My path into Health at Every Size started with a review of all the diet literature that I could get my hands on. That’s how I first learned that there’s not a single study where more than a tiny fraction of people succeed at significant, long-term weight loss. (I also learned that the state of the research around weight loss and weight and health goes beyond shoddy to being negligent.)
Because of that research, and because of the speaking I do – which includes speaking to healthcare practitioners who are looking for an in-depth discussion of data and research – I have a lot of research and statistics on the tip of my tongue. My natural reaction when I’m in a situation where someone is perpetuating weight loss and diet culture in a way that affects me – whether it’s an internet debate, or a fatphobic doctor’s office – is to start quoting the research.
A while ago I realized that this wasn’t necessarily the best approach. It leaves me open to all kinds of logical fallacy from the person arguing with me – including their insistence that “everybody knows” statement are equal to all of the research I’m quoting, not to mention sealioning which is an annoying waste of my time, and people who think they are clever saying “prove that there are no studies.”
So I started a new policy – if someone wants to tell me that dieting is likely to make me thinner and/or healthier, including and especially a health care provider, then when it comes to research, they can go first. They are the ones who are hawking dieting, they can start by providing me the research that they believe backs up their point of view.
To be clear, we are all allowed to make choices for our bodies for whatever our reasons, and we don’t owe an explanation or debate to anyone. “This is none of your business” and “I have no interest in talking about this with you,” are complete answers to someone who wants to challenge our choices around our food, health, and bodies.
Further, there is absolutely no debate when it comes to Size Acceptance, ever. Fat people have the right to live and thrive in fat bodies and it doesn’t matter why we are fat, what the “consequences” of being fat might be, or if we could or want to become thin. Size Acceptance doesn’t say that people aren’t allowed to try to manipulate their bodies (however futile those attempts may be,) it simply says that nobody has to become (or attempt to become) thin to deserve equal rights and basic human respect. There’s no debate here – you either agree with Size Acceptance, or you are wrong.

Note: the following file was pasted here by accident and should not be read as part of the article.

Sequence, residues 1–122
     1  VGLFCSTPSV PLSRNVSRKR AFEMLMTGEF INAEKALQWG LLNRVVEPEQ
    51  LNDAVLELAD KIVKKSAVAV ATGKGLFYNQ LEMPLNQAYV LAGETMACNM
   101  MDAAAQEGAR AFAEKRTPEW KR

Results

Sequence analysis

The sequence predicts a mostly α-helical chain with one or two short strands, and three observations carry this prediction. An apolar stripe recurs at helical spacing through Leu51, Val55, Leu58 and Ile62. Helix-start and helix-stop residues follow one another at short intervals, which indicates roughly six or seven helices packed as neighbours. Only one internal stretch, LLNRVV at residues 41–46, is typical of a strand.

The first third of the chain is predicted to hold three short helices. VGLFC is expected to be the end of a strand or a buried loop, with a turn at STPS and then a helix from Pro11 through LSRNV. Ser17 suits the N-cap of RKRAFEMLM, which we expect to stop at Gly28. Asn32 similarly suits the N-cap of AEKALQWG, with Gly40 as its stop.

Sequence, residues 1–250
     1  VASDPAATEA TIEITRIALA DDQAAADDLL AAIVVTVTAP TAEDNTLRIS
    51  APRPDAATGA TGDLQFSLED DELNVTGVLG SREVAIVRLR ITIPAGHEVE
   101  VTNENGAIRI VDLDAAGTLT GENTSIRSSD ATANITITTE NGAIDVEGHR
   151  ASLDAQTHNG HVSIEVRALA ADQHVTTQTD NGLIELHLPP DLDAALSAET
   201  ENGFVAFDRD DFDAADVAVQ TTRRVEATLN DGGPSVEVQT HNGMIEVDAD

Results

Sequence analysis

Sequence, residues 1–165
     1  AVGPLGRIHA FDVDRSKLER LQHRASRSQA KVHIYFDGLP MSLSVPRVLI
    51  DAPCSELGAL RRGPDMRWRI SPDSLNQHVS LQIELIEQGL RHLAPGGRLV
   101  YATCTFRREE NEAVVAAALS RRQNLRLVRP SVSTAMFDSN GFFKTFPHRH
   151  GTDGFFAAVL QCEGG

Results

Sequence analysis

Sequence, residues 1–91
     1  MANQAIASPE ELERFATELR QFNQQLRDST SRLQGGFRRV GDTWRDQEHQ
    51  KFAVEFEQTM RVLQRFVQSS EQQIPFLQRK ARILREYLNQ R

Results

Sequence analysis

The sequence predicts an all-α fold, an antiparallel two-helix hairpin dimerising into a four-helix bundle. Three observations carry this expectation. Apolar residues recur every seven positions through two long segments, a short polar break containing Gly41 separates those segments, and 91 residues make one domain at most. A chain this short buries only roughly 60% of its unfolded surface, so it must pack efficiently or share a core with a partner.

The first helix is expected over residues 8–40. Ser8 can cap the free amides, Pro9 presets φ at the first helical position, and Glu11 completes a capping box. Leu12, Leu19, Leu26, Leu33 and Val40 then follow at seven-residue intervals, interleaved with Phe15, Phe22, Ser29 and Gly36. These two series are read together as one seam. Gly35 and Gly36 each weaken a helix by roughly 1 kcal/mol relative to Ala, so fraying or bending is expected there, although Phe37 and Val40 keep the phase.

What I’m talking about here is that if and when we decide we want to respond to someone who asks for a debate, or to a healthcare provider who is suggesting that we attempt to manipulate our body size, we don’t have to come to the table with all the evidence first. We can engage in debate on our terms – which includes insisting that if someone is telling us that diets and weight loss are safe and effective, they can pony up the proof.
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8 thoughts on “Debating Dieting – You Go First”
“…you either agree with Size Acceptance, or you are wrong.” << my favourite line in the entire article. 🙂
Way. These people will never listen to us anyway, let them scrape the insides of their brains to find the non-existent proof. Besides, the longer you talk with them the more it gives them the idea you give a shit what they say. “I disagree with you and do not care to dis cuss this issue further.” Talk to the butt! Or go get a sandwich while they try to “find the facts” they are imagining. Check out a movie, do some window shopping, take a vacay to Tahiti. By the time you get back, they might have something…
Exactly. If someone insists that something is true, the burden of proof lies with them, not with you to disprove it.
I’d like them to explain how my weight stabilized once I got wise and put a stop to 33 years of yo-yo dieting but during the years when I was yo-yo dieting, any weight I lost always came back with friends. My weight has been fairly stable for the past 9 years (since I stopped dieting.)
This is so timely I may have pancreatitis; my pcp advised weightless and a diet heavy in fruits and vegetables. I am contemplating the kindest way to ask her for a peer reviewed, scientifically stringent way to achieve the weight loss. I like her and she is very supportive of my mental illnesses, but tis has got to stop. I want to be the person to put a bee in her bonnet
I would ask her to be more specific about type of foods since that is a really broad definition. I’m not sure about pancreatitis but a good friend of mine was getting bad gallbladder attacks and learned any type of food that contained ANY fat would cause an attack, even things like nuts and dairy. She ended up just eating plain baked chicken breast and brown rice. Her diet was so restricted; it was either eat like that or end up in agony for hours on end. Even now, years after her gallbladder has been removed, eating certain foods can still cause her some pain.
I once posted a couple of studies showing diets don’t work and had them dismissed as someone’s opinion.
Because, all together now, EVERYBODY KNOWS…!